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I have what I believe is a 30 ft Norway Spruce that looks very healthy, except for the bottom three feet of branches which have almost no needles. This bottom portion of the tree is shaded out by some large shrubs for a good portion of the year, is this the likely cause? Is there any way to encourage growth on these lower branches (with or without removing shrubs), or is all new growth on the top of the tree?

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I live in a region where Norway spruce grows wild, and in my experience, the lower shaded branches shedding their needles and dying is perfectly normal for these trees. For the tree, there's no point in keeping these branches alive when the same energy and nutrients can instead be directed towards the upper branches that receive more sunlight.

Here's a nice example picture from Wikimedia Commons:

Norway spruce with dry lower branches
(Image by Wikimedia Commons user Beentree, CC-By-SA 3.0)

Unlike Scots pines, which are also common here, spruce trees don't usually shed the dead branches by themselves. Instead, the branches will dry up but remain attached to the tree unless something (like a passing human or an animal) breaks them off — which is easier said than done, as even the dry branches are still quite tough and prickly and firmly attached to the trunk. I suspect this may even be a deliberate evolutionary defense mechanism to protect the trunk of the tree.

Anyway, as long as the rest of the tree appears healthy, I see no cause for concern here. As already noted by Bamboo, the dead branches will not grow back. (If they're only almost dead, they might still revive if exposed to more sunlight, but even then only the new growth at the tips will have needles.) If you find them unsightly, you can cut them off, but it's also perfectly fine to let them be.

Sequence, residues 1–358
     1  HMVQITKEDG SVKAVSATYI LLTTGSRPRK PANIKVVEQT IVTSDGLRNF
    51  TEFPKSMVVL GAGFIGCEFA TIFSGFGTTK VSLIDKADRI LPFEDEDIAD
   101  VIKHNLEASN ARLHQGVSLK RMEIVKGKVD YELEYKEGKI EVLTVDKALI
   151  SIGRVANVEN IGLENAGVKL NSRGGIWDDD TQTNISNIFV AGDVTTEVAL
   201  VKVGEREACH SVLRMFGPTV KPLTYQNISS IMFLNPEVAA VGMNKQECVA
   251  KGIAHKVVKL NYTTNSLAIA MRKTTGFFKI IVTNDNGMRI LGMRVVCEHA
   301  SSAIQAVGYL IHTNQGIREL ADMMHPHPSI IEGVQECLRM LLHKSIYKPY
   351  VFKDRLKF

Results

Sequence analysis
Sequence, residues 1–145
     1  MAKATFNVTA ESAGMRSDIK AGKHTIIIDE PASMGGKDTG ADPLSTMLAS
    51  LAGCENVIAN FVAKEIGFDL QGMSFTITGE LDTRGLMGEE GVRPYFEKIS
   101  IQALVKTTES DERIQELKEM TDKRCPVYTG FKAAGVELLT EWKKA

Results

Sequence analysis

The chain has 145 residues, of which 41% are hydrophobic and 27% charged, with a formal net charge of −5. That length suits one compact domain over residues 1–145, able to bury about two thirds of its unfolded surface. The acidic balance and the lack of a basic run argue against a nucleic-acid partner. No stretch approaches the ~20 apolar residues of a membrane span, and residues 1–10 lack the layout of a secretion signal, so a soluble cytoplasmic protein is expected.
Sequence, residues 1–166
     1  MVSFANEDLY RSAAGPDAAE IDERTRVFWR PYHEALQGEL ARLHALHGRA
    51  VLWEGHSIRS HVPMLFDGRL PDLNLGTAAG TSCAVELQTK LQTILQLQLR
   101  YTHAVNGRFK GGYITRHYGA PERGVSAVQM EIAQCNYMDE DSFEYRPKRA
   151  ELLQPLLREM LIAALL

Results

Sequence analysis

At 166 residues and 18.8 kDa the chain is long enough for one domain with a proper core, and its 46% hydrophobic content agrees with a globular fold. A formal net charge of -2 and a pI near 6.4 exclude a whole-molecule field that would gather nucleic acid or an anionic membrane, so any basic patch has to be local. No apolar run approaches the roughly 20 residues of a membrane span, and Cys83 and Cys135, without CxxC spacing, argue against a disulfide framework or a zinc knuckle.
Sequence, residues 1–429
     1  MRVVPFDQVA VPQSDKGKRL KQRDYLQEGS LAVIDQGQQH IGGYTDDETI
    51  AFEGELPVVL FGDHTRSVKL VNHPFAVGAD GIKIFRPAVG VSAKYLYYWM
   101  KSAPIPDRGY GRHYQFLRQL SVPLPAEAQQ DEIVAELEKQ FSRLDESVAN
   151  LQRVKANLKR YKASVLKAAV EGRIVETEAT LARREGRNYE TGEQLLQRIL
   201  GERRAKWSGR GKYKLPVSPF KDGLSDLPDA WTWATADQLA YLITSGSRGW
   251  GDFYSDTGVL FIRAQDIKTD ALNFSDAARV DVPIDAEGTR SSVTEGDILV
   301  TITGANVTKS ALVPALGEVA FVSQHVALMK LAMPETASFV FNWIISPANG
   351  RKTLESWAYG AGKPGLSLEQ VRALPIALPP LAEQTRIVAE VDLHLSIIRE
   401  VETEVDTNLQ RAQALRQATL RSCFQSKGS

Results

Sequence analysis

Either way, if you trim back the shrubs shading the base of the tree and let it grow, you'll likely find that the upper, still live branches will gradually bend down as they grow out, resulting in a layer of live green branches that will eventually hide the base of the tree from sight. But this is likely to take years if not decades.

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Once the needles turn brown or fall off a branch, regeneration will not take place, though you may find growth at the tips of those branches. Probably the best thing to do is remove the affected branches at the base leaving a clean trunk - hopefully this won't notice because of the shrubs around it. Loss of the lower branches is not that unusual - we have a 45 foot one in the gardens here, with low growing shrubs at the base, and the bottom part of the trunk is clear up to about 10 feet.

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Spider mites attack lower branches , starting near the trunk of spruce trees. Dormant oil should control them but it may require a few applications months apart, They are tiny and you have to look very closely and magnification helps. To get to the center of the tree I have taken the sprayer in to the trunk of the tree and sprayed rather than try to spray from the outside and get past the good outer needles . It is baby oil / mineral oil so no problem to spray yourself.

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If you want to try to regrow the lower branches, instead of removing branches entirely try to locate a dormant bud (much) closer to the trunk and prune back to there. Buds closer to the trunk are kept dormant by chemical signals from the buds further out--removing the further out buds often wakes up the dormant buds.

If you really, really want to regrow them, wait to do your pruning during the ideal pruning season--late winter, before the buds have started pushing their caps off. (In my area it would already be too late this year.) Then give them a loooong time to potentially start growing after pruning (at least a couple of springs).

Worst case, it doesn't work and you can always lop off the remaining branch later.

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    All live buds in a spruce (and in pines) are within the first exterior foot or two of the branch - the interior of all branches is simply "dead" wood. Once the exterior of a branch dies, there are no more buds to "regrow". Any sparse growth will not grow into lush growth, no matter how many years elapse.
    – Jurp
    Mar 18 at 18:36

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